As an example, on a Saturday we’d quite often have a full English breakfast. Usually I’d have two rashes of bacon and two sausages. That alone is more than a day’s portion. Say I then had a burger later in the day. A large burger equals two more portions. That’s four days’ worth of meat in just two sittings.

Now, most of our meals are vegetarian, but we have fish twice a week, chicken one a week and I allow myself red meat once, maximum twice a month. I still won’t eat processed meats like ham or bacon. However, Justin loves a bit of bacon when we have a bigger breakfast.

Ready Meals And Pasta

Another thing that is no longer part of our diet are ready meals. In the past, largely because of my long working hours, I often resorted to quick and easy dinner options.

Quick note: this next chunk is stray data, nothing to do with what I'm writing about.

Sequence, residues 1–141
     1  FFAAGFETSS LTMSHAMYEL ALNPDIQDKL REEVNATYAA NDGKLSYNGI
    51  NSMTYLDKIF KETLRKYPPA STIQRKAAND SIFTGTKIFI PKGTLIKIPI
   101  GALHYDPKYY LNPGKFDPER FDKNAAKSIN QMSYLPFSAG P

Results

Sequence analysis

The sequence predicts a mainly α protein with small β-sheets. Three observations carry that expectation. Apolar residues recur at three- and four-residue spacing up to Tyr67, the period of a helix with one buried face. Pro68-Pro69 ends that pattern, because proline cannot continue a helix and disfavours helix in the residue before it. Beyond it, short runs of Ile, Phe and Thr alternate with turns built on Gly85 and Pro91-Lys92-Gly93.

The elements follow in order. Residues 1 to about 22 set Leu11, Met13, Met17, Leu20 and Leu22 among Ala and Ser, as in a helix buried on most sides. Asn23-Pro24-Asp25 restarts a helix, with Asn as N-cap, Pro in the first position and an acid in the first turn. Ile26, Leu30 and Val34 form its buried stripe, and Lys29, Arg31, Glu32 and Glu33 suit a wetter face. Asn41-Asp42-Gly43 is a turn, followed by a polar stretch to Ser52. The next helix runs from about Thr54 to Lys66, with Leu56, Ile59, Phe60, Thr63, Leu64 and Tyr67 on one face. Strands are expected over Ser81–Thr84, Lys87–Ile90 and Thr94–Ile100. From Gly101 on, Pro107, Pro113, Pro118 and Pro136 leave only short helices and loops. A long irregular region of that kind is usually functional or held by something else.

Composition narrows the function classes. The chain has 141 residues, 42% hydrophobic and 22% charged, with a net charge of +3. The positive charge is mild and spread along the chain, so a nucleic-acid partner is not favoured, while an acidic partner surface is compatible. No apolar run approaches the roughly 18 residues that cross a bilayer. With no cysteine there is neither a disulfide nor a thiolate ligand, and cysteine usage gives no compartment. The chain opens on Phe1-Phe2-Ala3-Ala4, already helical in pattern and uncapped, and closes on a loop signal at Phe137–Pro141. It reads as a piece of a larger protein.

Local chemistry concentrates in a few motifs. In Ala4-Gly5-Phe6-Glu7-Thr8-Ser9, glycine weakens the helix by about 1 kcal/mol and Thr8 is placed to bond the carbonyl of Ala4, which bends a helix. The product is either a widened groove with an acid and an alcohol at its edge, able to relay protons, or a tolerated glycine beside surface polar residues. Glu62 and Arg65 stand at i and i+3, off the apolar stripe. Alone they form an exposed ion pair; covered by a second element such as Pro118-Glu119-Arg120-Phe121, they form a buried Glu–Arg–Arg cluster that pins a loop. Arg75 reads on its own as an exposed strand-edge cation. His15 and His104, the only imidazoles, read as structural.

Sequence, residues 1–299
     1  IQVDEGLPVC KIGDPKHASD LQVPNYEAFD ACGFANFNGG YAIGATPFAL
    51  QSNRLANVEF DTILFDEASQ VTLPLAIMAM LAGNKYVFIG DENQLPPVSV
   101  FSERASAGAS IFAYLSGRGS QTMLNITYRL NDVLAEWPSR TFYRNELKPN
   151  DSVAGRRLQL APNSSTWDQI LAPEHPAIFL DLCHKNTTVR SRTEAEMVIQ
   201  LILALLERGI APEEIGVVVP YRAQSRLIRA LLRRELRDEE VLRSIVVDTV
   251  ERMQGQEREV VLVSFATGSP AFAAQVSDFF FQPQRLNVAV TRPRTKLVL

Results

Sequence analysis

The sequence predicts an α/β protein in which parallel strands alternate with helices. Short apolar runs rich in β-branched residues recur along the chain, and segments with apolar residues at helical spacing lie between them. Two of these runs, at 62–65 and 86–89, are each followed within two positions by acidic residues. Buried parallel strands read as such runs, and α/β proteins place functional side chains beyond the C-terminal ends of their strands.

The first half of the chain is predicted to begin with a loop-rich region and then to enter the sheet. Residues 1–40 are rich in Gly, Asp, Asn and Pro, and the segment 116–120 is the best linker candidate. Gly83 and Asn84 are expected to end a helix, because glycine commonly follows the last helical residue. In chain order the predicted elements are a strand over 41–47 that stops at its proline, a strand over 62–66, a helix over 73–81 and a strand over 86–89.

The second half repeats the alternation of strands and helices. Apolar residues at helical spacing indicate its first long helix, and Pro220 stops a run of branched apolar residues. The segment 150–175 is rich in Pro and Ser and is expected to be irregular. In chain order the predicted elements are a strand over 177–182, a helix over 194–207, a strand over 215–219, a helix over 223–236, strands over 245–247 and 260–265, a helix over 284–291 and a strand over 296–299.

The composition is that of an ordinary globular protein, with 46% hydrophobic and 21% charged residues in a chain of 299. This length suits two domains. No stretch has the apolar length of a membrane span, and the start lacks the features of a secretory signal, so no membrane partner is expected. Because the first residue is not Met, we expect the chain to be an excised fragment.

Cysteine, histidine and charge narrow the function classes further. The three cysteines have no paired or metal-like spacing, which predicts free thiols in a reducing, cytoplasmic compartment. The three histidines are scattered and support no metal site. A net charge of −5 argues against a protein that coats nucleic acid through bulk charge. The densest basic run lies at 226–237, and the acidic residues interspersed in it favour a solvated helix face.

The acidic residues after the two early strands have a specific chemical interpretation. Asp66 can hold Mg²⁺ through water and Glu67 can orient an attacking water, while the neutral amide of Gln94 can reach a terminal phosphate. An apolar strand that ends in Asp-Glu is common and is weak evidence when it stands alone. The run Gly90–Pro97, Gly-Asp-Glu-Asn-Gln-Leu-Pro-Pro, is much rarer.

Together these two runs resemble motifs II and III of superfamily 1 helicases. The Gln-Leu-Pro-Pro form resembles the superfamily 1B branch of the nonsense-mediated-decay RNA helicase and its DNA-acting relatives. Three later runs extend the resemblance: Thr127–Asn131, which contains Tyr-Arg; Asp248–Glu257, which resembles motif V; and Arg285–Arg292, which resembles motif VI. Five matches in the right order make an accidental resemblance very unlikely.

I opted for easy, because I didn’t have time or energy to think of different dinners. Or was I just being lazy? Either way, there are lots of quick and easy recipes available on the internet that take less than 30-minutes to prepare and I now enjoy trying out different things.

Some Types Of Fish

Some fish can have a high built up of pollutants in their bodies. One of those, sadly, is tuna. I love tuna and used to eat lots of it. With pasta and in salads and sandwiches.

For those who, like me, love their fish but not the idea of pollutants, this article from the NHS has good guidance on eating fish.

Cod with potatoes, pepper
and green beans

What Have We Added To Make Our Diet More Healthy?

Fruit And Vegetables

The pre-cancer me could go days without eating fruit. I rarely bought fruit because I thought they were too expensive for my budget. But then I’d be happy to pay £6 for a pint in a pub. I know the pre-cancer me had seriously skewed ideas. My priorities were completely wrong.

Now we eat so much more fruit and vegetables. We include more vegetables in our dinners and eat fruit throughout the day.